1. “The Last American Man” by Elizabeth Gilbert
Reading is one of my favorite things to do. After my kids go to bed, I spend most evenings planted firmly on the sofa, book in one hand, cup of tea in the other. Lately my reading has taken on an ‘outdoor adventure’ theme, which is coincidental – or perhaps it reflects a subconscious longing for a future time when I’ll have more freedom to get out into the wilderness myself! Regardless, these are great books that I recommend if you’re craving a literary wilderness escape.
Gilbert, who is best known for her wildly popular “Eat, Pray, Love,” wrote this biography of a modern Appalachian mountain man in 2002. She tells the story of Eustace Conway, who left his comfortable suburban life and moved into the wilderness to be completely self-sufficient at age seventeen. He hunted for his food, lived in a teepee, and sewed his own buckskin clothes. Conway still lives in the North Carolina forest, driven by a personal mission to educate Americans about how they can return to the land, reconnect with their roots, and live a less destructive lifestyle.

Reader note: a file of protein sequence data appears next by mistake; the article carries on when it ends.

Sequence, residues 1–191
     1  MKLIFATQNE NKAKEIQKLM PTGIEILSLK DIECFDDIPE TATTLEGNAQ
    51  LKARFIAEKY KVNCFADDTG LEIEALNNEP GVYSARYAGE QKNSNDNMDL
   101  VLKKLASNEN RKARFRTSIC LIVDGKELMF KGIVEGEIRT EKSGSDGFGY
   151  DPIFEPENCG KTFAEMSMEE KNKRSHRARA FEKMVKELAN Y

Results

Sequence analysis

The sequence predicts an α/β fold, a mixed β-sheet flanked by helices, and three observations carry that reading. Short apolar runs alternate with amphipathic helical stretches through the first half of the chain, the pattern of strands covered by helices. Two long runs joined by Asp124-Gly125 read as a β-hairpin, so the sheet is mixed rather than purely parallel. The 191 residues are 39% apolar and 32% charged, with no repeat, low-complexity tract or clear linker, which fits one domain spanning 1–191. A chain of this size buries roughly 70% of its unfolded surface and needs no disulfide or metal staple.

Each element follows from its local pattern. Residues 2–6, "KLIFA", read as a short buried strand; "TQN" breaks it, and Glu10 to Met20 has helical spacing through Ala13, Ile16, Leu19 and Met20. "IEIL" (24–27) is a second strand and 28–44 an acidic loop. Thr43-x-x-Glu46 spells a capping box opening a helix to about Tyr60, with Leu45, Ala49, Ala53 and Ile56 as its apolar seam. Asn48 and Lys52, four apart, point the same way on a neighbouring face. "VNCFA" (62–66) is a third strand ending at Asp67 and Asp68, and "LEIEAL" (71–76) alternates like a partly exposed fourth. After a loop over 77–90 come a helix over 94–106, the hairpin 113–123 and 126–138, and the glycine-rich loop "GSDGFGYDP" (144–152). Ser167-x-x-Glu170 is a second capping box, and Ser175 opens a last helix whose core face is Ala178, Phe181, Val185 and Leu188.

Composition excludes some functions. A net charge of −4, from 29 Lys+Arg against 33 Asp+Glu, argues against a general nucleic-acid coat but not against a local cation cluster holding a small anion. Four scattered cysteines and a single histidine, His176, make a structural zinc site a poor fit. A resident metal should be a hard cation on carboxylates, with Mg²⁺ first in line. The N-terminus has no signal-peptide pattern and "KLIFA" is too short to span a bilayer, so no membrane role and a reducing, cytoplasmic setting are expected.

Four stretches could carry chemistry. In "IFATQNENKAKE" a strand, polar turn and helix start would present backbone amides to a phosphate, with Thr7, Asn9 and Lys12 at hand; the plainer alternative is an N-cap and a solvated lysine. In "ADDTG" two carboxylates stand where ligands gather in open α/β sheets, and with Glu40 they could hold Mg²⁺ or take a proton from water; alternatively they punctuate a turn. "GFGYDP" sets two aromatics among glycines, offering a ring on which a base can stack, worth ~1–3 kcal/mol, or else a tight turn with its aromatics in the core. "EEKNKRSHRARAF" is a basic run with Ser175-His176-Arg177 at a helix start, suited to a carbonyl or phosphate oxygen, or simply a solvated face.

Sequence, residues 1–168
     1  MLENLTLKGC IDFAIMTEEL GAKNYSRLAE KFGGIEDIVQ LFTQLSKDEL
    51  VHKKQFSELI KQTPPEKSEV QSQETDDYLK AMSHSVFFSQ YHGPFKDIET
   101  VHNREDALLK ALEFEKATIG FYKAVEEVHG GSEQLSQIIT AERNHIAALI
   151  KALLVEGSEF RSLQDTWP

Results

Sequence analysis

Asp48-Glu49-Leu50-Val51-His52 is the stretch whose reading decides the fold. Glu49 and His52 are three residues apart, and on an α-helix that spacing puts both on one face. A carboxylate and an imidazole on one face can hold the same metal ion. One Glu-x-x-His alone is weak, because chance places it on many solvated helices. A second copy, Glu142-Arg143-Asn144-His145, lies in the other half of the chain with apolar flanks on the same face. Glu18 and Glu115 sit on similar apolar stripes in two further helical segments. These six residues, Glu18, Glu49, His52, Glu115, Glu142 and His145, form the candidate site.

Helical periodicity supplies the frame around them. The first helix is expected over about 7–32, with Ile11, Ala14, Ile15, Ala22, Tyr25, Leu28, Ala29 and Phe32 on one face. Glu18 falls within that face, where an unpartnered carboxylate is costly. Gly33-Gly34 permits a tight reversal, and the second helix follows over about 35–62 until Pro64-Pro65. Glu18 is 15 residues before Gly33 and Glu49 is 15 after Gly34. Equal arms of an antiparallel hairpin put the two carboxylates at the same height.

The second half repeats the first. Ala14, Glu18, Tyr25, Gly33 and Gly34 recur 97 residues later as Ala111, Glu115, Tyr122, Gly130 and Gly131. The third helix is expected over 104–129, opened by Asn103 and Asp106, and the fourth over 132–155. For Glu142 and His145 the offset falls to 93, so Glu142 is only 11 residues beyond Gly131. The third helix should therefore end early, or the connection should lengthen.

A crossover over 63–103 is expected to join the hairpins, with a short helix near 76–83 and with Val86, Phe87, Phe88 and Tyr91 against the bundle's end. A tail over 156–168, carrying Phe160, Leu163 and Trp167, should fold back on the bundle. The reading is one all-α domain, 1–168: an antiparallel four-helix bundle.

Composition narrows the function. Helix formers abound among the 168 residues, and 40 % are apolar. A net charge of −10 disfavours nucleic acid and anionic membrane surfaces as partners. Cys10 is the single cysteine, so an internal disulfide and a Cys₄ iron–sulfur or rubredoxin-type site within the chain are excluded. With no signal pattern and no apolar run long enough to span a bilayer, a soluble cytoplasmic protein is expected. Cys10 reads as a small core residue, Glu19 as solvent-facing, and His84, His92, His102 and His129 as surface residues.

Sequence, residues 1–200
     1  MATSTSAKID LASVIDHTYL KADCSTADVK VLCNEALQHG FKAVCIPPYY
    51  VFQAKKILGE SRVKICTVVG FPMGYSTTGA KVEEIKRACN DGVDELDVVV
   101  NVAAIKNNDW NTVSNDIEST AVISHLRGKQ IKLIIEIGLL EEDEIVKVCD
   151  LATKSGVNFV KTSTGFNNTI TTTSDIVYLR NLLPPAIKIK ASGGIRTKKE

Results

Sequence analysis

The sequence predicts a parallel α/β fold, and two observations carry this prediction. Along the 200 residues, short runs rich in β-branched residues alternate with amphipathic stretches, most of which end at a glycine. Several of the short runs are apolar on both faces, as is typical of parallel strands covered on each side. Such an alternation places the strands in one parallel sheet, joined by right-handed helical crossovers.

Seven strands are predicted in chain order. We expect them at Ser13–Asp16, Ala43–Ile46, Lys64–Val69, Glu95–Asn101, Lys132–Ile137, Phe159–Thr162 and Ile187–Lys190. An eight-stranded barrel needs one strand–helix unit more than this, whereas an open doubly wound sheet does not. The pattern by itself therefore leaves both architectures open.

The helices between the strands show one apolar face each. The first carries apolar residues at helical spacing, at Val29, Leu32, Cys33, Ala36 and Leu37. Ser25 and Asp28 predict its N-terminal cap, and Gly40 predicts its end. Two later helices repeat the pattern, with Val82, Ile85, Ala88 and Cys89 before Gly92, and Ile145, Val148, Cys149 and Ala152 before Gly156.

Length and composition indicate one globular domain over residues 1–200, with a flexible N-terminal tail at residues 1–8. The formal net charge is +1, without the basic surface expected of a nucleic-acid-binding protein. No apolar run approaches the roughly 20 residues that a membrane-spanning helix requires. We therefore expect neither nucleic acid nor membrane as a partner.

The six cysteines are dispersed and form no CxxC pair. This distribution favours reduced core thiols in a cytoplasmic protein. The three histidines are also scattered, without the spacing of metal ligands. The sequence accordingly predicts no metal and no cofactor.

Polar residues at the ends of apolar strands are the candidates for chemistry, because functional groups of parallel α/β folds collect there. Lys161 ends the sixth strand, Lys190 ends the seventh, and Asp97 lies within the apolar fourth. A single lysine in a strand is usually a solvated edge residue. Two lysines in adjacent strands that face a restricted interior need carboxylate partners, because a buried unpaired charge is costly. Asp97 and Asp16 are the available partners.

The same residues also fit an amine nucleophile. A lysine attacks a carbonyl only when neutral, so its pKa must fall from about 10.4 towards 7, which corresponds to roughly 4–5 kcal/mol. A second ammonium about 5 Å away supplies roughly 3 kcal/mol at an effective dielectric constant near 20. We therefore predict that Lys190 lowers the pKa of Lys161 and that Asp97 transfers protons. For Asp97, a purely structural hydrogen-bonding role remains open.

What I found interesting was Gilbert’s exploration into the historic concept of ritualized initiation into adulthood, and how having eliminated this has left several generations of American youth foundering, particularly young men who crave the traditionally masculine outdoor skills that Conway requires to survive on a daily basis.